Is Honey Keto Friendly?
When you’re on a ketogenic diet, the aim is to put your body in a state of ketosis. Your body is required to burn fat for fuel instead of carbs during this state.
Keto is a natural way to prevent your body from storing sugar as fat instead of burning fat already stored.
To reach the keto state, you need to consume plenty of fats and proteins and avoid carbs as much as you can.
The problem with consuming honey on a keto diet is that honey comprises glucose and fructose, both simple sugars that your body will burn for fuel.
Will Honey Bump You Out of Keto?
Honey isn’t keto friendly, but do you have to completely eliminate it if you’re on a ketogenic diet? The good news is that you don’t have to.
Ketosis is a metabolic state which requires you to keep your carb intake at a minimum. As a result, your body will generate and depend on ketones for energy rather than glucose.
To stay in ketosis, the average human being can consume between 20 to 50g of carbohydrates per day.
The allowed carbohydrate intake can be higher for active persons; they can have up to 100g of carbohydrates per day.
Therefore, a single tablespoon of honey won’t bump you out of ketosis. However, if you take massive amounts of honey, don’t be surprised if your ketosis doesn’t commence.
But you might be wondering how much honey can you have on keto? Continue reading to learn more.
How Much Honey Can You Have on a Ketogenic Diet?
Most nutritionists consider honey to be relatively healthy food, so not all keto people will completely want to eliminate it from their diets.
Fortunately, adding some honey to your daily intake is workable even on a keto diet.
How much honey you can take mainly depends on how you strictly limit carbs.
Some people can have as many as 40g of carbs per day, and their bodies still produce ketone, a clear indication that they’ve reached ketosis.
Others can have between 10 to 20g of honey. So if your body can produce ketone even when you eat carbs, you can choose to add carbs in the form of honey.
One tablespoon of honey has about 16g of carbs, making it very carb-dense and as such, restricting yourself to no more than two tablespoons a day is recommended.
However, ensure you use keto test strips to confirm your carb intake isn’t bumping you off ketosis.
Keep in mind that ketosis is different for everyone. One of the key determining factors of how many grams of carbs you can take without exiting ketosis is your activity level.
In fact, athletes can take between 75g and 100g of carbs daily and still maintain ketosis.
If you pick honey as your main source of carbohydrates, you can take as many as four tablespoons (65g) if you’re highly active.
What Can You Use in Place of Honey on a Ketogenic Diet?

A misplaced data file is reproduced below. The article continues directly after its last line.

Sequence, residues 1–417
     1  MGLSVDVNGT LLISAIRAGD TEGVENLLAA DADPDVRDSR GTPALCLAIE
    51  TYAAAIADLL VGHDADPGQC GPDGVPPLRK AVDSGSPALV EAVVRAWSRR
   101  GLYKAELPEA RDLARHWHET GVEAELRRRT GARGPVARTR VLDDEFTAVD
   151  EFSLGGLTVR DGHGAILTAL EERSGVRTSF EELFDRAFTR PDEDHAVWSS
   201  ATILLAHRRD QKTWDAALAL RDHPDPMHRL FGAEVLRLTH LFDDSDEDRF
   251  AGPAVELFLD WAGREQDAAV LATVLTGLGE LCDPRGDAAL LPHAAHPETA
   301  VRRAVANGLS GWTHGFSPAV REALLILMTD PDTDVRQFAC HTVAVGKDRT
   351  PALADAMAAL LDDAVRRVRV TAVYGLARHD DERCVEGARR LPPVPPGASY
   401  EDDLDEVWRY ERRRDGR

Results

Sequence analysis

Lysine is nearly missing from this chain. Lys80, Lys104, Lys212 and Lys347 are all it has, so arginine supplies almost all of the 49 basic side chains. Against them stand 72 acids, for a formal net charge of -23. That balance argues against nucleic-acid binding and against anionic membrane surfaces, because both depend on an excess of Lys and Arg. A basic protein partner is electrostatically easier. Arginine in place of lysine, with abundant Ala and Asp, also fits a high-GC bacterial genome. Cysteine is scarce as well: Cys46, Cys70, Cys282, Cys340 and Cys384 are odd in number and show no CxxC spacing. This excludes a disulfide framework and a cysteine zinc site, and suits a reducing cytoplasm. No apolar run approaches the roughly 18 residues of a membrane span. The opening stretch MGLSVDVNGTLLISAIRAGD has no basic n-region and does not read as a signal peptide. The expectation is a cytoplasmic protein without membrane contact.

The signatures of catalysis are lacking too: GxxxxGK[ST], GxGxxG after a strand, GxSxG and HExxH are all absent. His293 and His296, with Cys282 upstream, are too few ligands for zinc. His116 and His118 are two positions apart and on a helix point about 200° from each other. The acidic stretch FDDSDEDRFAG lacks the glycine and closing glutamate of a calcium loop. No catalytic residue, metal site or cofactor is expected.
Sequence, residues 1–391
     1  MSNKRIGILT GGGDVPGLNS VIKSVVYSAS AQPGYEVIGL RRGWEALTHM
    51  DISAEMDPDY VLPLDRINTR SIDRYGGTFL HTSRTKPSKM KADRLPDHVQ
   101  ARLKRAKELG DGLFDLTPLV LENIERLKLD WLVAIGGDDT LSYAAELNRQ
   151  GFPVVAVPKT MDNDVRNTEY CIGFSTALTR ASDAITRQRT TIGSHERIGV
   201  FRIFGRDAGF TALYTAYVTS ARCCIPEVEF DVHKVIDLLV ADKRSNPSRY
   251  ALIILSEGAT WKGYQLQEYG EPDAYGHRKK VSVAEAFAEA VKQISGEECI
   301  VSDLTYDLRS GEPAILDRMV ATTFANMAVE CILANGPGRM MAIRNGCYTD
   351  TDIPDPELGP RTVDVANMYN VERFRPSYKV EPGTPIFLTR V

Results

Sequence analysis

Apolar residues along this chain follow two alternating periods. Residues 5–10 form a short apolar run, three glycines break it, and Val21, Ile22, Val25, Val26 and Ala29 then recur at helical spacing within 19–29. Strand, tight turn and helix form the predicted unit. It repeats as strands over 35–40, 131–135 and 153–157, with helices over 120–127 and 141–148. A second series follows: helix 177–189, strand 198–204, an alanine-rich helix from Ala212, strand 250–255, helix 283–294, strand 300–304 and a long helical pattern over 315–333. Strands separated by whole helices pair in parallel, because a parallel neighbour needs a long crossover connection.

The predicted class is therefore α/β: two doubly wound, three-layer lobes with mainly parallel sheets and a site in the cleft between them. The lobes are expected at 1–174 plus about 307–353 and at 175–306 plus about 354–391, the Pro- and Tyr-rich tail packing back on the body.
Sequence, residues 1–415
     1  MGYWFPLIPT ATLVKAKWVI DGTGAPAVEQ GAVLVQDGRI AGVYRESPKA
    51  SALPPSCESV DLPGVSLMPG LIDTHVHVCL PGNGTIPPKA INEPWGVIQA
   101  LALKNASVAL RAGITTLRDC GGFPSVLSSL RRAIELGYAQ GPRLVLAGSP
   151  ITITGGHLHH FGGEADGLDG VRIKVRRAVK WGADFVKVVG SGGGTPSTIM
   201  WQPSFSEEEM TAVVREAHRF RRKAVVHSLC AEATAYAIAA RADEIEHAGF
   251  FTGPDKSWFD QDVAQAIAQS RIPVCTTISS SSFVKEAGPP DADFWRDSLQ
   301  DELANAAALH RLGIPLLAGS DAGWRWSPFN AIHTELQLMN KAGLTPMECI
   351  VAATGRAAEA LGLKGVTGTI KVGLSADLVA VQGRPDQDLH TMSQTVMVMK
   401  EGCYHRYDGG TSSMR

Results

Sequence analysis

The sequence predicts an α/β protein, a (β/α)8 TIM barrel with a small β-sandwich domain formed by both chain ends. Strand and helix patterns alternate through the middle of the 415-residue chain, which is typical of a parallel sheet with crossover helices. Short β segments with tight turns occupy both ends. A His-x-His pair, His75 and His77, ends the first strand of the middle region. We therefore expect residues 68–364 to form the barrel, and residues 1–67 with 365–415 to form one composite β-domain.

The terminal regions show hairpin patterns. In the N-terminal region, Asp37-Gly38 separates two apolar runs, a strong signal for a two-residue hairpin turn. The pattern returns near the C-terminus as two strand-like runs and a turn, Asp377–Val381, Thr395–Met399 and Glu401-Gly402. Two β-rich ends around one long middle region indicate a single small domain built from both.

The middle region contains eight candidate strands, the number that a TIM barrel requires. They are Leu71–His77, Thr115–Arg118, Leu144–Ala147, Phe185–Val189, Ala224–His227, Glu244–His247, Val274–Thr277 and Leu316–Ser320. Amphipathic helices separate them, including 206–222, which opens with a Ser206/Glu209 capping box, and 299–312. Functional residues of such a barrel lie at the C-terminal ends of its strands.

If you’re on keto and you’ve realized that even the tiniest amounts of carbs bump your body out of ketosis, but you’re craving the sugariness of honey, you’re in luck.
There are a couple of options to satisfy your sweet tooth that doesn’t contain a lot of sugars.
Allulose is a natural sugar like fructose and glucose. But it has far fewer calories than both fructose and glucose, about 1.5 calories and 4g of carbs per serving.
It offers the same sugariness as honey minus all the calories.
Allulose occurs naturally in some fruits, such as dates. But keep in mind while it only has 4g of carbs per serving, ensure that you don’t exceed your daily carb intake.
Erythritol is a sugar alcohol that comes from fermenting glucose. The resultant alcohol retains the sweetness of sugar minus the calories.
This sugar-free sweetener has no calories and carbohydrates, making it one of the best alternatives to honey for people on a ketogenic diet but with a sweet tooth.
3. Monk Fruit
Ground monk fruit is another top low-carb option for honey. It offers the sugariness you’re looking for, but it has no carbohydrates or sugar.
The sugariness in this fruit comes from mogrosides, a unique version of glycosides that is not broken down by the body in the same way as sugar.
Stevia is a natural sweetener drawn from the stevia plant. This plant’s ample sugariness comes from glycosides as opposed to sugar.
Glycosides are chemically similar to sugars, but they are not broken down in the same manner by the human body.
Stevia has the sugariness you might be looking for but with a single gram of carbs per serving. Stevia can be used in numerous keto recipes, such as baked foods.
Many people know sucralose because it’s often used in diet sodas and other low-calorie beverages and foods to offer a sugary taste.
Sucralose is one of the few artificial sweeteners the human body can’t break down; as such, it doesn’t produce carbs.
Plenty of research on sucralose claims that it doesn’t lead to weight gains, although it’s typically not considered the best option as far as weight loss sweeteners go.
Swerve is one of the most common ketogenic diet sweeteners right now. Swerve is marketed as the ultimate sugar alternative.
Surprisingly it comprises all-natural ingredients, and it’s ideal for baking since it maintains its form factor like sugar.
When you chew sugar-free gum, you might have felt that it has some sugariness. If you have, that sugary substance is known as xylitol and its sugar alcohol is as sweet as honey.
This honey alternative has 4g of carbs and three calories per teaspoon.
Like other sugar alcohols, xylitol’s carbohydrates don’t count as net carbs because it doesn’t increase blood sugar levels the same way sugar does.
With a swap ratio of 1:1 between sugar and xylitol, you can easily add this artificial sweetener to your coffee, smoothies, or tea for extra sugariness.
As you can see, honey isn’t keto-friendly because of its high carb content. However, if taken in moderate amounts, it won’t bump you off ketosis.
But if you want to eliminate honey from your diet completely, consider alternatives such as monk fruit, sucralose, and swerve.